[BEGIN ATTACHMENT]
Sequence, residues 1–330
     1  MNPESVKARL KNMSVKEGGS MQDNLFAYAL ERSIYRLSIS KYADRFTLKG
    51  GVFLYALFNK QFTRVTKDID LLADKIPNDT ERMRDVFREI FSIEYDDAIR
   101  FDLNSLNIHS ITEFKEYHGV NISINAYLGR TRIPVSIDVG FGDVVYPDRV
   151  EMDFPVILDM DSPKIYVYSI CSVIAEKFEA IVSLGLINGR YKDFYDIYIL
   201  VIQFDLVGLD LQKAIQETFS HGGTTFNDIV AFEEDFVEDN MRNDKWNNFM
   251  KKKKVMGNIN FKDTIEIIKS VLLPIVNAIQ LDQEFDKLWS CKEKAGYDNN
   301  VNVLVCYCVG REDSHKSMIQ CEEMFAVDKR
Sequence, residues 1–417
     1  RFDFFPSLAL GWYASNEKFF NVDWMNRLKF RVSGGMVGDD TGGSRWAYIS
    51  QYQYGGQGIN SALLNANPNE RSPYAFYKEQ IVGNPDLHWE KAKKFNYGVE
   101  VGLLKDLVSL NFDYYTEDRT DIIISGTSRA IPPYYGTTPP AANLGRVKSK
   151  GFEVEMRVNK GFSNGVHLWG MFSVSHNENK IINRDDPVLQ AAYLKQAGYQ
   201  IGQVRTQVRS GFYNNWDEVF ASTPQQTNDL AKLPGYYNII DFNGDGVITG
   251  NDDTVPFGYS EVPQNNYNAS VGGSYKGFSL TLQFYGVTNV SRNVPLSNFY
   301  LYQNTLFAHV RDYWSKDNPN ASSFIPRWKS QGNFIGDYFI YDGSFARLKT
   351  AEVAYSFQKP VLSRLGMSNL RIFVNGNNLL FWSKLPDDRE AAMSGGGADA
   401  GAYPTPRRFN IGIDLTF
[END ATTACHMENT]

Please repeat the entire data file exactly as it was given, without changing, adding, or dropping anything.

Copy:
Sequence, residues 1–330
     1  MNPESVKARL KNMSVKEGGS MQDNLFAYAL ERSIYRLSIS KYADRFTLKG
    51  GVFLYALFNK QFTRVTKDID LLADKIPNDT ERMRDVFREI FSIEYDDAIR
   101  FDLNSLNIHS ITEFKEYHGV NISINAYLGR TRIPVSIDVG FGDVVYPDRV
   151  EMDFPVILDM DSPKIYVYSI CSVIAEKFEA IVSLGLINGR YKDFYDIYIL
   201  VIQFDLVGLD LQKAIQETFS HGGTTFNDIV AFEEDFVEDN MRNDKWNNFM
   251  KKKKVMGNIN FKDTIEIIKS VLLPIVNAIQ LDQEFDKLWS CKEKAGYDNN
   301  VNVLVCYCVG REDSHKSMIQ CEEMFAVDKR
Sequence, residues 1–417
     1  RFDFFPSLAL GWYASNEKFF NVDWMNRLKF RVSGGMVGDD TGGSRWAYIS
    51  QYQYGGQGIN SALLNANPNE RSPYAFYKEQ IVGNPDLHWE KAKKFNYGVE
   101  VGLLKDLVSL NFDYYTEDRT DIIISGTSRA IPPYYGTTPP AANLGRVKSK
   151  GFEVEMRVNK GFSNGVHLWG MFSVSHNENK IINRDDPVLQ AAYLKQAGYQ
   201  IGQVRTQVRS GFYNNWDEVF ASTPQQTNDL AKLPGYYNII DFNGDGVITG
   251  NDDTVPFGYS EVPQNNYNAS VGGSYKGFSL TLQFYGVTNV SRNVPLSNFY
   301  LYQNTLFAHV RDYWSKDNPN ASSFIPRWKS QGNFIGDYFI YDGSFARLKT
   351  AEVAYSFQKP VLSRLGMSNL RIFVNGNNLL FWSKLPDDRE AAMSGGGADA
   401  GAYPTPRRFN IGIDLTF